With the release of vRealize Operations 8.0, we continue to deliver on the vision of Self-Driving Operations powered by advanced AI/ML with the introduction of the Troubleshooting Workbench for faster time-to-identify and time-to-remediate issues in your Software Defined Datacenter. In this post, I will review the capabilities and features of the Troubleshooting Workbench.
First, there are many ways to get to the Troubleshooting Workbench. You can go there directly from the Quick Start page after login to vRealize Operations by clicking the link on the left-side navigation or from the Troubleshooting card.
Using this method, you’ll land on the Workbench home page. From here, you can search for an object to begin troubleshooting, continue an active troubleshooting session or use a recent search.
You can also get to the Troubleshooting Workbench via any object’s detail page. For example, from this MySQL Database application object:
In that case, you’ll be taken to a new troubleshooting session with the default scope and time range (more on that later).
And finally, you can launch the Workbench from an alert. But before you do, notice that “potential evidence” from the Workbench is displayed in the alert details, so you can do some troubleshooting right away in the alert context.
When you launch into the Workbench from an alert, the scope is the default setting, but the time range is adjusted to two hours prior to and 30 minutes after the alert trigger.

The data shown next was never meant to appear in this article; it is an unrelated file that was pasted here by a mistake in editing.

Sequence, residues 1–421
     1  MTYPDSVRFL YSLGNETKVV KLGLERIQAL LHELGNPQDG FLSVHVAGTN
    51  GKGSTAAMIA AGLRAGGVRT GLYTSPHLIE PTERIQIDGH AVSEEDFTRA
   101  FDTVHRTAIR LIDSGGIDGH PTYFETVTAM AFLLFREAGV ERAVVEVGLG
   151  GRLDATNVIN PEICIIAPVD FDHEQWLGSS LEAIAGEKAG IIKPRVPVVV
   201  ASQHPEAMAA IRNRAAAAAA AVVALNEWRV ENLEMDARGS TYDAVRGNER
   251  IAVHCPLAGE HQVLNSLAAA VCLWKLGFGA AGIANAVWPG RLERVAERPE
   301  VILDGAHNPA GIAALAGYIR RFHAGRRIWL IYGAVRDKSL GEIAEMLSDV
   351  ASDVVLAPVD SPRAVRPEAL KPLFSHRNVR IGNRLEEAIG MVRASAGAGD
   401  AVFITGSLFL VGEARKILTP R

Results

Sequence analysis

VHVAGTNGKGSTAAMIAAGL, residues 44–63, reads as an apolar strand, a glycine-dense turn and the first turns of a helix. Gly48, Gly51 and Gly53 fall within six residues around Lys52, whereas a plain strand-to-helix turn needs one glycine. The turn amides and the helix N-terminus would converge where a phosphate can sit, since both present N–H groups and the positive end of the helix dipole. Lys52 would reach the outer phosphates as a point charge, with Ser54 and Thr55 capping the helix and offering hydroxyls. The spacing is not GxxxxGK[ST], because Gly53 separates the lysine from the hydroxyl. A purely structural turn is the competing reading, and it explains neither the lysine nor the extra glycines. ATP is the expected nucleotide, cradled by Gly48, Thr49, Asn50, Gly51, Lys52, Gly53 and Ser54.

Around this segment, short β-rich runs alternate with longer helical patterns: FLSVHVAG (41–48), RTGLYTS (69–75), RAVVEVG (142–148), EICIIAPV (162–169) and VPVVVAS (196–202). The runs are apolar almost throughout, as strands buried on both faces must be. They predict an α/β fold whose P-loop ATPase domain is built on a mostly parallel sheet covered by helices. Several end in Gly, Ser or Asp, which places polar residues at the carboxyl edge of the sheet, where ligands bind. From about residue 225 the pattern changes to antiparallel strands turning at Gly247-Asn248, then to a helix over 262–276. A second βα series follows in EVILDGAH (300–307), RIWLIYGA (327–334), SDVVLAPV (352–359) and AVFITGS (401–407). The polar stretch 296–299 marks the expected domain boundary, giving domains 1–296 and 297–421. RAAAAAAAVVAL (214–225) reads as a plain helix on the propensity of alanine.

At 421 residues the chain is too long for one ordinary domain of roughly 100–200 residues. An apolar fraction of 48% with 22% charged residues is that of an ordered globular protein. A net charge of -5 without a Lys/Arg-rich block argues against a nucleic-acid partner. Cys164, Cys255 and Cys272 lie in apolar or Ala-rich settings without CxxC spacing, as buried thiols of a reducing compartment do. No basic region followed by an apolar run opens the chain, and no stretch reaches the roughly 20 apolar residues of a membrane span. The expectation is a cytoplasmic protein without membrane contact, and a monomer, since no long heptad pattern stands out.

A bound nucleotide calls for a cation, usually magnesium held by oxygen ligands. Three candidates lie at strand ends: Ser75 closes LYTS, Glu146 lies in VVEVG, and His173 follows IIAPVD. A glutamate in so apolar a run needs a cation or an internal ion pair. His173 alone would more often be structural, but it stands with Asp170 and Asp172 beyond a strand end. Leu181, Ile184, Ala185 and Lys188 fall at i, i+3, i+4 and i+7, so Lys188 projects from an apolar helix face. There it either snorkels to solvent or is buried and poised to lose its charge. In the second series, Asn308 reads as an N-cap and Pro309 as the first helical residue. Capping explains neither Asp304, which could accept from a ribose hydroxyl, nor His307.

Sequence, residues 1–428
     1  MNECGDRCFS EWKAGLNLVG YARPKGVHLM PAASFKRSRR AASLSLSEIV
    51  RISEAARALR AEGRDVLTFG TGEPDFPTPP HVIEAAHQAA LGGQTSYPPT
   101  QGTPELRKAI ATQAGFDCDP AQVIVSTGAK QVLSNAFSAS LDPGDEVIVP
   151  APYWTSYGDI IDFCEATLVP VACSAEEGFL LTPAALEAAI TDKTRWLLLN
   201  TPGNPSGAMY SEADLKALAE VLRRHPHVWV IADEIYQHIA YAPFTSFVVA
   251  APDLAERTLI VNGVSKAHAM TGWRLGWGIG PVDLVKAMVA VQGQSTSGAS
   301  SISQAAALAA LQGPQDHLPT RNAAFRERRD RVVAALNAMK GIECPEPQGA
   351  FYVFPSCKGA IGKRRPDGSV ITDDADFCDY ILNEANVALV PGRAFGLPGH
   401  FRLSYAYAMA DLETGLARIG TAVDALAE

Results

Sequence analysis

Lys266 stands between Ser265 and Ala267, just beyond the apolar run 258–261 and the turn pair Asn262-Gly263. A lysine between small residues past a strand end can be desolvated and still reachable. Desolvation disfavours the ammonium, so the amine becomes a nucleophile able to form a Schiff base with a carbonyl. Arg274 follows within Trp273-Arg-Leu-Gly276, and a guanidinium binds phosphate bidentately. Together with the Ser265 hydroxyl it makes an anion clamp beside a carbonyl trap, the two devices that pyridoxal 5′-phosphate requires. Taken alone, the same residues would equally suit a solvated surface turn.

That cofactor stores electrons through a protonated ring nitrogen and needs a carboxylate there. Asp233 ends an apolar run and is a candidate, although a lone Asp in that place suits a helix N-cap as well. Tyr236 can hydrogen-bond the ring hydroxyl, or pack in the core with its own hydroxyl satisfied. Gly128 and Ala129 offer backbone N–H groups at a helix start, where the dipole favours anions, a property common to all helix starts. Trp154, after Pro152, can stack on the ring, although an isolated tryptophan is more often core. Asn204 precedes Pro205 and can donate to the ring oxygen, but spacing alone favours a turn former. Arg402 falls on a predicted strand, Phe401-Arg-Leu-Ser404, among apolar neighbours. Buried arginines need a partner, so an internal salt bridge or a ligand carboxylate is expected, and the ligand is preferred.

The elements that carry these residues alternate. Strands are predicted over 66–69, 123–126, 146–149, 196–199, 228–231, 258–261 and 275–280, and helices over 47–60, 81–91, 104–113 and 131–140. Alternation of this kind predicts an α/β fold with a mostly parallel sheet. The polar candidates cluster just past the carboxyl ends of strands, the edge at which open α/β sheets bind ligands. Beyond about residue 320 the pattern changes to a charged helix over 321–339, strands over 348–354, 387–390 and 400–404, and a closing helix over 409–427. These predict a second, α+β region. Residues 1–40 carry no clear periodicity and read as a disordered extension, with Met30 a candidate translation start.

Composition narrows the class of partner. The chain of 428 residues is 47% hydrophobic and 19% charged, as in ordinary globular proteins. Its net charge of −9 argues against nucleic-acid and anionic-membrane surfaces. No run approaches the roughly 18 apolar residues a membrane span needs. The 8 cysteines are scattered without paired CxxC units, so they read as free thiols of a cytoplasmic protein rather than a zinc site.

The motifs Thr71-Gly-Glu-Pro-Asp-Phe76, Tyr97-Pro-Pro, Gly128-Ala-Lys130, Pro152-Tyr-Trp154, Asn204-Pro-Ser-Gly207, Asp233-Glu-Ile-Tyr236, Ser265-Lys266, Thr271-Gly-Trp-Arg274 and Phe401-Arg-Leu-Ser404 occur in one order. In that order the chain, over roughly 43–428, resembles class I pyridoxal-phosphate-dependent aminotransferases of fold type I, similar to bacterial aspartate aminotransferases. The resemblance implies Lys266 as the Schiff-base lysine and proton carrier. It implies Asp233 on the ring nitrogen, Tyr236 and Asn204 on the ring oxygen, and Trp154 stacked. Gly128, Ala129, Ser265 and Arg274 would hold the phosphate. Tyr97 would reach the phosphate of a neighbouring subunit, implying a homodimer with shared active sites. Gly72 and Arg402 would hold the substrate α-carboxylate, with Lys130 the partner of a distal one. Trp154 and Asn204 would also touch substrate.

No matter how you get to the Workbench and start a session, you now have the power of machine learning providing you evidence and a toolbox of helpful features to speed your troubleshooting analysis.
The Workbench opens with a couple of controls for scope and time range, and a display of “potential evidence” for your consideration. The evidence consists of events, property changes and metric abnormalities. I’ll explain each of these categories in more detail later in this blog, but for now let’s cover the basics of the Workbench interface.
Using the screenshot above, here’s a key to understanding the Workbench:
1 – Time range. By default, the time range will be 6 hours. The exception to this is if you navigate to the Workbench from an alert, which will set the time range from two hours prior to the alert start to the current time. You can adjust the time range to anything you like here.
2 – Scope. The scope is the impacted object and its related objects. The default is one level up and one level down. You can adjust the scope using the plus/minus icons or you can click on the level you wish to include. You can also customize the scope to specific relatives as well as peers by using the “CUSTOM” link. Let’s look at how that link works to refine your scope.
Below is the scope before customization.
Clicking the link for custom scope brings up an Advanced Relationship widget. I will collapse the parent objects of the virtual machine first, by clicking on the magenta relationship counter icon.
Now with the parent objects removed, I’ll add the peer objects for the virtual machine by hovering over and clicking the pop-up link.
I have my desired custom scope. I click OK to return to the Workbench.
Now vRealize Operations will use this scope for gathering Potential Evidence.
To remove the custom scope and return to default, simply click the remove filter icon as shown below.